DHARMA THE CAT: EPISODE 12 - Theoretical Practice
by David Lourie

Well, once again Bodhi has fallen into a spiritual trap that should be quite familiar to him and his fans by now. The trap is to think that because you understand something in theory you have therefore achieved it in practice, which is a common self-delusion. For most of us who are not enlightened, there is a big gap between our wisdom and our conduct: we don't put into action all the things we understand. This is what I call Theoretical Practice -- our failure to distinguish
between what we know and what we actually do with that knowledge.  This problem is due in part to our enthusiasm for important ideas. 
What tends to happen when we encounter a great bit of wisdom or spiritual insight is we enthusiastically place it on a very high pedestal within our minds . . .
and then leave it there, instead of using it!
In this cartoon, Bodhi is very impressed with the idea that certain practices, when perfected, can transform our mentality -- for example, by liberating us from our fears.  But for Bodhi to stand on the edge of the cliff and contemplate his own death is not putting himself to the test,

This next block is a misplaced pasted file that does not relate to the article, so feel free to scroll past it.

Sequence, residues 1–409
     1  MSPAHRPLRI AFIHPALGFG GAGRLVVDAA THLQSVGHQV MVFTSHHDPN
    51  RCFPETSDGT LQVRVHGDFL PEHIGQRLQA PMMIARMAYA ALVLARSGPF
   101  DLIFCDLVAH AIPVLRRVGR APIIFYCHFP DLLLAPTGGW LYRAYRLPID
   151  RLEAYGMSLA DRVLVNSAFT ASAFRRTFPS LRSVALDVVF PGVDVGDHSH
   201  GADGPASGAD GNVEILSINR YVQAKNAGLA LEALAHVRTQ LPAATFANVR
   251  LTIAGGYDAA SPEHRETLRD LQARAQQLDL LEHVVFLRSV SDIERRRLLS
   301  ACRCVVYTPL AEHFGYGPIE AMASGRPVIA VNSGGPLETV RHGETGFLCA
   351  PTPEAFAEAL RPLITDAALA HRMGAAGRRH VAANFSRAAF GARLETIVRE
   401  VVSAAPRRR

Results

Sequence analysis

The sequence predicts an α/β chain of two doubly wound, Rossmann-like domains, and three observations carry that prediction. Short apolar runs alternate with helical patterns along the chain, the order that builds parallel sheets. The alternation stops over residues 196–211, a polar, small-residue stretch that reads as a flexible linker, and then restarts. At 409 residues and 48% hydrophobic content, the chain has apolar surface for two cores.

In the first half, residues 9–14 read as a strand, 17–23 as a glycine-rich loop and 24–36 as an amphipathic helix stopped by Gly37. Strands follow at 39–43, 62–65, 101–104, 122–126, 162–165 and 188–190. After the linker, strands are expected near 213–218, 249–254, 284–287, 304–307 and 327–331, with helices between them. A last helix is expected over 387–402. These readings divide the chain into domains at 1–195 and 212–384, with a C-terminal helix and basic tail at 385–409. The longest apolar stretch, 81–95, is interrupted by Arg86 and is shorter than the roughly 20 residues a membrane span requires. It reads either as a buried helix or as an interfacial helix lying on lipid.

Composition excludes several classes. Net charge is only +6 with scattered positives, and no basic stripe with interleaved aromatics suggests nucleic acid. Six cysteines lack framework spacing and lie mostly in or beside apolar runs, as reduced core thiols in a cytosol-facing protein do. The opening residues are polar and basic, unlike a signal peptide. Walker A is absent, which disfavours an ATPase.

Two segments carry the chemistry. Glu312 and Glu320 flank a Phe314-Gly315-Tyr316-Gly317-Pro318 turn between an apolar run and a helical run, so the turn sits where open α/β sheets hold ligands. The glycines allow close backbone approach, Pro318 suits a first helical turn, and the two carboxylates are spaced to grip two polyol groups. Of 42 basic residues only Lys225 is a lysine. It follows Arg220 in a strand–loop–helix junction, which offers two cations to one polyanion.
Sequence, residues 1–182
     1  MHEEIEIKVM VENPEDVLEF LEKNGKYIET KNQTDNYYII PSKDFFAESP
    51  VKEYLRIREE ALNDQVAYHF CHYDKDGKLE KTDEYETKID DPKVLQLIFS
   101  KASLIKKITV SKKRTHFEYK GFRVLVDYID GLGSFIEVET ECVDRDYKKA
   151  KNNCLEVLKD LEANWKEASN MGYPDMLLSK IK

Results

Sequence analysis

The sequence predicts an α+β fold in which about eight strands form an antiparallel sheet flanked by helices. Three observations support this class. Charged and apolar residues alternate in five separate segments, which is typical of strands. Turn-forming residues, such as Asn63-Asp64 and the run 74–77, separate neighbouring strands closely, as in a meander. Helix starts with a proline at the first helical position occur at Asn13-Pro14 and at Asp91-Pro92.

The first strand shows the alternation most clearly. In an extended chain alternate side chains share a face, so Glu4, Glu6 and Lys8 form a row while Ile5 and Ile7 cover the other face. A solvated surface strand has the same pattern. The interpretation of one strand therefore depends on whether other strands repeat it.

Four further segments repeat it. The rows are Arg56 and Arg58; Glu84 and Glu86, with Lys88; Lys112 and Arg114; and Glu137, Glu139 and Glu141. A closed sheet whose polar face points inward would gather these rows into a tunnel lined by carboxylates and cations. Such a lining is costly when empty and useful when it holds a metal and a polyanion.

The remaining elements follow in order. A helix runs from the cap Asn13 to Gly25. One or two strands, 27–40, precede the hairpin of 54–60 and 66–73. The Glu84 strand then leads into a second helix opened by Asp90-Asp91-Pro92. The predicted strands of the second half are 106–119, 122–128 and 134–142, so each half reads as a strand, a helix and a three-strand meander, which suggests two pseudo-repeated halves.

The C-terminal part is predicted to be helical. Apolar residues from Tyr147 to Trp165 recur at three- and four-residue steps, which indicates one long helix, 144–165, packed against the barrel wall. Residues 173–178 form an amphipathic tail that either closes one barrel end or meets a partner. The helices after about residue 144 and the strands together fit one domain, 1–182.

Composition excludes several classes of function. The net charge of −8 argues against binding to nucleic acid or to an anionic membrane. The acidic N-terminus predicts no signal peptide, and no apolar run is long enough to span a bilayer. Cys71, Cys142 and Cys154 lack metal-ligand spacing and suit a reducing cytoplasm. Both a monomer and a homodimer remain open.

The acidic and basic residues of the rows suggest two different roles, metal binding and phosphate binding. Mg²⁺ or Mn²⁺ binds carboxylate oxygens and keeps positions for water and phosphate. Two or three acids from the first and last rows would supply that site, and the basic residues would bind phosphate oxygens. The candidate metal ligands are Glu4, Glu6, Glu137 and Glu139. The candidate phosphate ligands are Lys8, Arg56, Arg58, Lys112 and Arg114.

so his realization remains theoretical. 
Moreover, transcending one's fear of death is not necessarily relevant to the Buddha's teaching, which is all about suffering, not death.   Bodhi's being impressed with himself is a "spiritual mistake" in it's own right, but ironically he compounds the error by being impressed with himself for the wrong reason: his ability to contemplate his own death with equanimity is not online with the Buddha's objective of achieving liberation from suffering.
Naturally, this latter objective of transcending suffering is more difficult to
achieve for most people, since death is often sought
as a refuge from unbearable suffering. 
Thus for Bodhi to transcend (theoretically) his fear of death is not at all an
indication of his "enlightenment" or "spiritual progress" in the Buddhist sense,
because it does not indicate that one has achieved liberation from suffering. 

David Lourie is an artist who lives in Whale Beach, Australia with his wife and cat. He has graciously allowed the use of his work in our newsletter. Illustration is by Ted Blackall, a commercial artist who lives north of Sydney, Australia.